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The new city beautiful

07th May 2012

By Rob Cowan

Urban designers are sometimes asked a tricky question: ‘If I want to see a recent example of good urban design, where should I go?’ When we were writing By Design (published in 2000, it was written a couple of years earlier) we highlighted Crown Street, the then new major development in Glasgow’s Gorbals district, as the sort of placemaking we were advocating. We still need to tell people about such places if we are ever going to persuade anyone to value what urban designers do.

Crown Street was brought to mind by a recent article in Scotland’s Sunday Herald by the noted urbanist Stuart Gulliver. Now Emeritus Professor at the University of Glasgow, Gulliver was the person who made Crown Street happen when he was chief executive of Glasgow Development Agency (not forgetting the considerable contribution of Crown Street’s masterplanner, Piers Gough of CZWG).

I was particularly interested to see Gulliver’s article for a couple of reasons. First, it reminded me a document I wrote in 1996 called Manifesto for a Campaign for Cities. I persuaded a whole raft of leading urbanists to put their names to it, and the Prince of Wales wrote a foreword. That all took time, and by the time I had all the signatures, I had rethought the manifesto. Instead of getting back to all the signatories and going on my knees to St James Palace, I rewrote the manifesto and published it (with Urban Initiatives) without any backers, under the title The Connected City. Among other things it presented the forerunner of Placecheck (which, incidentally, was relaunched a couple of weeks ago with the support of, among others, English Heritage – see www.placecheck.info).

All these years later a Campaign for Cities is still a good idea. Stuart Gulliver, writing from a Scottish perspective, makes a strong case for it. A Campaign for Real Cities would rest upon at least four principles, he writes. First, city boundaries should be re-drawn to reflect the economic and social realities of the twenty-first century. Second, Scotland’s cities should opt for elected mayors. Third, each city should establish a City Development Agency. Fourth, Scottish cities should adopt the vision and direction of the City Beautiful movement.

That last principle, evoking a movement that began in Chicago in the late nineteenth century, will strike many readers as rather odd. Gulliver explains: ‘“Real” cities of the future will need to be beautiful, otherwise talented people and high-performing businesses will not be attracted to, or remain in, our cities – they will go elsewhere. Successful, competitive cities will unashamedly seek to be beautiful cities.’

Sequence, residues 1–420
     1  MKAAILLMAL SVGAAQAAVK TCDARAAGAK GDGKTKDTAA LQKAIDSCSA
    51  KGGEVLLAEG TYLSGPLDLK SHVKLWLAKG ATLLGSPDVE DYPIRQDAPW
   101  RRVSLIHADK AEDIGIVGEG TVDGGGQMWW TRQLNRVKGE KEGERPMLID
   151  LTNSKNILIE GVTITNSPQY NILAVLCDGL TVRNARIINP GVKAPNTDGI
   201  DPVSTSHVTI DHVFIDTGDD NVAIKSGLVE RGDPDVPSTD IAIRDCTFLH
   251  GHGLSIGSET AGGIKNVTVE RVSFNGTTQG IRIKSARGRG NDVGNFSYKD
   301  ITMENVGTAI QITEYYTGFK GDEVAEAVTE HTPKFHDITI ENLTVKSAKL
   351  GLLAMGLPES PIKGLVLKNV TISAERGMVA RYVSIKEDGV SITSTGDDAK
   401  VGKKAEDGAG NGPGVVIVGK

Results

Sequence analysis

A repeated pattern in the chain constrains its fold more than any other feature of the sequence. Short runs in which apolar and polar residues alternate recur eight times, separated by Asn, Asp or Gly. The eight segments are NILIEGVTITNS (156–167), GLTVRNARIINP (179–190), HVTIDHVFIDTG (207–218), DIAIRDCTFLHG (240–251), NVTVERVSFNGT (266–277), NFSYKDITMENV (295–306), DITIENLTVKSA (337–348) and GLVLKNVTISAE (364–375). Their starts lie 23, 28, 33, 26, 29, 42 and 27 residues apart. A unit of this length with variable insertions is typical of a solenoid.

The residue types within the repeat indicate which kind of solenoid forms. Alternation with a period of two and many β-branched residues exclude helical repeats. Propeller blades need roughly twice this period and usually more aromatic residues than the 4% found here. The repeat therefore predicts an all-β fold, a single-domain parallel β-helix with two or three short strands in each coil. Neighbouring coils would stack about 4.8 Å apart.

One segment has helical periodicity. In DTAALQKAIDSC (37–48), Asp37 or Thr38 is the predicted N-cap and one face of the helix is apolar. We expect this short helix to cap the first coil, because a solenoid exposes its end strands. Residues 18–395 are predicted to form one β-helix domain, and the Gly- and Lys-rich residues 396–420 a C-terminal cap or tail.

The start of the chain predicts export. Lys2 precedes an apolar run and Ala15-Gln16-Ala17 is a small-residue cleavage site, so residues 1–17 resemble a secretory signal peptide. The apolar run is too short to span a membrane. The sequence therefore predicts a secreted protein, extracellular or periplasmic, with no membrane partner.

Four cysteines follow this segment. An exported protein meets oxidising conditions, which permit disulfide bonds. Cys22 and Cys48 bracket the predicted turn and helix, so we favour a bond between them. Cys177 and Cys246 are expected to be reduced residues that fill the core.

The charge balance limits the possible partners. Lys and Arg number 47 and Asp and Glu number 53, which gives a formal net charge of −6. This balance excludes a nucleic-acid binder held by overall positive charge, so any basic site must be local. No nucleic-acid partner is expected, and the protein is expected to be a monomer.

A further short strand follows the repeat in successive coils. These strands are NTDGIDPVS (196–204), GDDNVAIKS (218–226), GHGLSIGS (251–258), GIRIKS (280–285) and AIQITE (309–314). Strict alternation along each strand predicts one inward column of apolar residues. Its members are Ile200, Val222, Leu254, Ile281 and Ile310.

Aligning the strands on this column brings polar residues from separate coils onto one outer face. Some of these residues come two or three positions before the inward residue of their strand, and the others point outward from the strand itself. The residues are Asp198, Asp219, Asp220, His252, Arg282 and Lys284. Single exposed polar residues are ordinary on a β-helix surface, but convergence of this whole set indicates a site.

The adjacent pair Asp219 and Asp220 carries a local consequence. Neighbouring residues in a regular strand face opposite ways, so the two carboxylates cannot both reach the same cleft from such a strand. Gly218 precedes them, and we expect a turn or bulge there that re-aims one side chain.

That certainly strikes a chord with Urban Design Skills. In 2010 we wrote – with Professor Alan Simpson, the UK’s leading City Beautiful enthusiast – the report York New City Beautiful: toward an economic vision. Yorkshire Forward (remember it?) and City of York Council was the joint client. The vision was drawn up in close collaboration with city’s amenity, business and political communities. The idea behind reviving the City Beautiful idea was simple. Yes, the focus was on the city’s economy. But a vision that was going to capture the imagination of the people who might play a part in making it happen (and that was potentially everyone in York) needed some strong visual ideas.

A good question to ask of any plan is: if you were to summarise it in a few strokes of a felt-tip pen, what would it show? The York New City Beautiful plan, at its simplest, showed a new approach to the walls and gateways; a new structure for the city’s green spaces; new ways of using the rivers; a new approach to streets and spaces; and a Great Street linking the Minster and the University of York. A few strong lines and a striking pattern: the essence of a good plan.

At the time when Urban Design Skills was working with Alan Simpson on York New City Beautiful: toward an economic vision, I tried to sum up our new approach to the City Beautiful. I wrote:

Urban design focuses on making successful places. Designers are told: 'Don’t mention beauty, it only confuses people'. We reject that attitude. The new model adds an aesthetic dimension that is often missing. It looks at what is beautiful in the place as it is; it makes proposals with a strong enough visual dimension to be easy to comprehend and to communicate; and it recognises beauty as one test of the degree of thought and care that have been applied to development and placemaking.

In my next blog I'll focus on what Crown Street has achieved.  

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